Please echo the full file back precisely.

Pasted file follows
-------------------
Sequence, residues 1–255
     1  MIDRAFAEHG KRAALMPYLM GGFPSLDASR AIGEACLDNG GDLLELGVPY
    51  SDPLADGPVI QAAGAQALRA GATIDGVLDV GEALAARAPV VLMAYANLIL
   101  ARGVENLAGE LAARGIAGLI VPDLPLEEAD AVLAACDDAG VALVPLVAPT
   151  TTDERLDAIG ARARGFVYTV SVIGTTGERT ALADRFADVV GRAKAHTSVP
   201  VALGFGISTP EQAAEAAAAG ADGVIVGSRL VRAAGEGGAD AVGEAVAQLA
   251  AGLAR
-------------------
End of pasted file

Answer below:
Sequence, residues 1–255
     1  MIDRAFAEHG KRAALMPYLM GGFPSLDASR AIGEACLDNG GDLLELGVPY
    51  SDPLADGPVI QAAGAQALRA GATIDGVLDV GEALAARAPV VLMAYANLIL
   101  ARGVENLAGE LAARGIAGLI VPDLPLEEAD AVLAACDDAG VALVPLVAPT
   151  TTDERLDAIG ARARGFVYTV SVIGTTGERT ALADRFADVV GRAKAHTSVP
   201  VALGFGISTP EQAAEAAAAG ADGVIVGSRL VRAAGEGGAD AVGEAVAQLA
   251  AGLAR